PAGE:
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  • Writer's pictureBrian Foley

Conroe Possession of Marijuana Attorney - Does Montgomery County prosecute marijuana cases.

Conroe Possession of Marijuana Attorney - Brian Foley discusses prosecution of marijuana cases in Montgomery County, Texas.

Possession of Marijuana Attorney - Conroe

There are many places around the country that have legalized marijuana and many more are on the way. As of August of 2023 the Montgomery County District Attorney's office located in Conroe, Texas has continued to authorize arrests and file criminal charges in Marijuana possession cases.

Despite the change to Texas law which requires proof of at least .03 % THC in marijuana for it to be classified as illegal as opposed to industrial hemp officers in Montgomery County are still making arrests based on sight and smell of the plant cannabis sativa L.

Effective June 10, 2019, HB 1325 introduced a significant redefinition of "Marihuana" within the state of Texas. The legislative choice to employ the spelling "Marihuana" in the law stemmed from their enactment of Health and Safety Code 481.002 (26), wherein the term was meticulously outlined.

Curiously, this legislative act also coined another term, namely "The plant Cannabis sativa L." This nomenclature evokes a sense of transformation akin to an artist's evolution, reminiscent of the transition of the artist formerly referred to as "Prince." Now, let us delve into the elucidation of the rechristened plant, once known as "marihuana."

"Marihuana" henceforth denotes the plant Cannabis sativa L., whether in cultivation or otherwise, inclusive of the seeds thereof, as well as all compounds, manufactures, salts, derivatives, amalgams, or formulations originating from said plant or its seeds. Notably excluded from this designation are:

... (F) hemp, in accordance with the delineation presented in Section 121.001 of the Agriculture Code.

The introduction of this new provision, noted as (F), into the criminal statutory definition of "marihuana" through HB 1325 introduces the potential for substantial legal implications. The underlying rationale for this prospect is as follows.

Section 121.001 of the Agriculture Code meticulously defines "hemp" in a manner that parallels the elucidation of "marihuana" under the Health and Safety Code, accompanied by the stipulation that any substance containing a THC content of 0.3 percent or lower, when measured on a dry weight basis, shall be deemed lawful. This brings forth a conundrum: in the event a law enforcement officer detects the distinctive aroma of the plant hitherto known as Cannabis sativa L., how can they ascertain whether it meets the aforementioned threshold of 0.3 percent THC content on a dry weight basis? Could it be suggested that submerging the plant in water would thwart on-the-spot analysis by negating a dry weight basis assessment?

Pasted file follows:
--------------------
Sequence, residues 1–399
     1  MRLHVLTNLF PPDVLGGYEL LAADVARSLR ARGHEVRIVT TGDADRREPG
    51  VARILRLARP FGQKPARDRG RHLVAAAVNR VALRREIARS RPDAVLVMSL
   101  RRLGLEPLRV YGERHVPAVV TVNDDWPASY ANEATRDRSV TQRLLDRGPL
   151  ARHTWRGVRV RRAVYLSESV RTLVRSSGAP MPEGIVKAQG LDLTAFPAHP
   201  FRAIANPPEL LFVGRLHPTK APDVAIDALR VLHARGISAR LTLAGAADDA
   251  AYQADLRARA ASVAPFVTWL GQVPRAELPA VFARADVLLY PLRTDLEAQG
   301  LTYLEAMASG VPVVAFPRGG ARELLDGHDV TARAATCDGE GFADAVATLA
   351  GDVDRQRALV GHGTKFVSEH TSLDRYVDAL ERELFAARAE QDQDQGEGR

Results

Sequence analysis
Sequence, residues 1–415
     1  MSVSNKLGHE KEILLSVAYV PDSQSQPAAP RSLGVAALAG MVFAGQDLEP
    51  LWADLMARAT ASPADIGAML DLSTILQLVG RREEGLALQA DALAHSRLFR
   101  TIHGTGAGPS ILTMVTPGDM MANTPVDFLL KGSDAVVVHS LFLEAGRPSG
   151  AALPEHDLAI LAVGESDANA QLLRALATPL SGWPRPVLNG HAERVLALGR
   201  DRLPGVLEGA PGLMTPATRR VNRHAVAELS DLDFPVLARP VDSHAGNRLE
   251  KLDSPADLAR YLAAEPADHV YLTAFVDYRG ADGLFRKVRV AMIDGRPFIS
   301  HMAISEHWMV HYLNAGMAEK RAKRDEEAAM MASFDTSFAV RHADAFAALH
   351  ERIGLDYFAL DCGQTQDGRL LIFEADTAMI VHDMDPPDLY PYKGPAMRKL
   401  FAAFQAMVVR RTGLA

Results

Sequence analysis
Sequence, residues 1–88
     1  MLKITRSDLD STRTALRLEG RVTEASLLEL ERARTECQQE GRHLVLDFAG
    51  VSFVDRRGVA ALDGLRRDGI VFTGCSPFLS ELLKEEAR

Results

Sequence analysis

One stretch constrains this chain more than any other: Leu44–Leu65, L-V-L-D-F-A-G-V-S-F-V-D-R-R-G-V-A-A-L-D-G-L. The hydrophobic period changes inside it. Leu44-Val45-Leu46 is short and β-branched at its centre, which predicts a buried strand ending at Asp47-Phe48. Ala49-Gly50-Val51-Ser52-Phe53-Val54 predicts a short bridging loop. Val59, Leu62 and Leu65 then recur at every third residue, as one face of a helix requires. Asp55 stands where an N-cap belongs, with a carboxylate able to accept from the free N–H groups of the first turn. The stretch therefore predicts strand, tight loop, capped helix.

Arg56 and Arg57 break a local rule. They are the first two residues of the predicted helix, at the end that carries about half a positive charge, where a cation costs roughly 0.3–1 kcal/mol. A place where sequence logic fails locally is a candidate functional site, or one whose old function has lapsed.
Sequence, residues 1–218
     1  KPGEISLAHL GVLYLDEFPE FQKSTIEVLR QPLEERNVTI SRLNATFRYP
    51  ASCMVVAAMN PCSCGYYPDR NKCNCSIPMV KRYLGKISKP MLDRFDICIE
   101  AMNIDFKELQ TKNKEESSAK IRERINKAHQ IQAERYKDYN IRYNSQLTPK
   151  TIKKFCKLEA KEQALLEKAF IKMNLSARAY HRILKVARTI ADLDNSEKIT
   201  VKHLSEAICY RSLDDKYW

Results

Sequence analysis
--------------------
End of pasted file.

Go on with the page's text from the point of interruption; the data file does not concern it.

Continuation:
Regrettably, state-operated laboratories found themselves inadequately equipped for a paradigm shift from microscopic scrutiny of the plant to quantitative THC concentration testing. The implementation of a testing protocol by Houston's Forensic labs, tailored to this purpose, took over a year to materialize. Of late, the Harris County District Attorney's office has exclusively requisitioned tests for instances involving felony quantities of "marihuana."

This juncture in legal evolution harbors a paucity of established precedents, thereby engendering a climate of uncertainty. Judicial proceedings, encompassing trials and subsequent appeals, will inevitably transpire, contributing to the prospect of eventual legal clarity.

Thus, the question surfaces: does legality pertain to the possession of "marihuana" in the jurisdiction of Texas? A stringent legal interpretation of the term implies that possession of "marihuana" is, indeed, unlawful. Nevertheless, substantiating that an individual held "marihuana" as opposed to hemp might pose a formidable challenge.


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